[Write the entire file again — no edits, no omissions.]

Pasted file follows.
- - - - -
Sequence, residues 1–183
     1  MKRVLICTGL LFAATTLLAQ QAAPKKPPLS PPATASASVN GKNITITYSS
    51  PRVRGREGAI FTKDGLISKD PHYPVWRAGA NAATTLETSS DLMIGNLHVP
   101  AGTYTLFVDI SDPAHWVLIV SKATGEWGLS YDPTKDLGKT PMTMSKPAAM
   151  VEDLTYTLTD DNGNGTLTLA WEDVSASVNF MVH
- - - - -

Sequence, residues 1–183
     1  MKRVLICTGL LFAATTLLAQ QAAPKKPPLS PPATASASVN GKNITITYSS
    51  PRVRGREGAI FTKDGLISKD PHYPVWRAGA NAATTLETSS DLMIGNLHVP
   101  AGTYTLFVDI SDPAHWVLIV SKATGEWGLS YDPTKDLGKT PMTMSKPAAM
   151  VEDLTYTLTD DNGNGTLTLA WEDVSASVNF MVH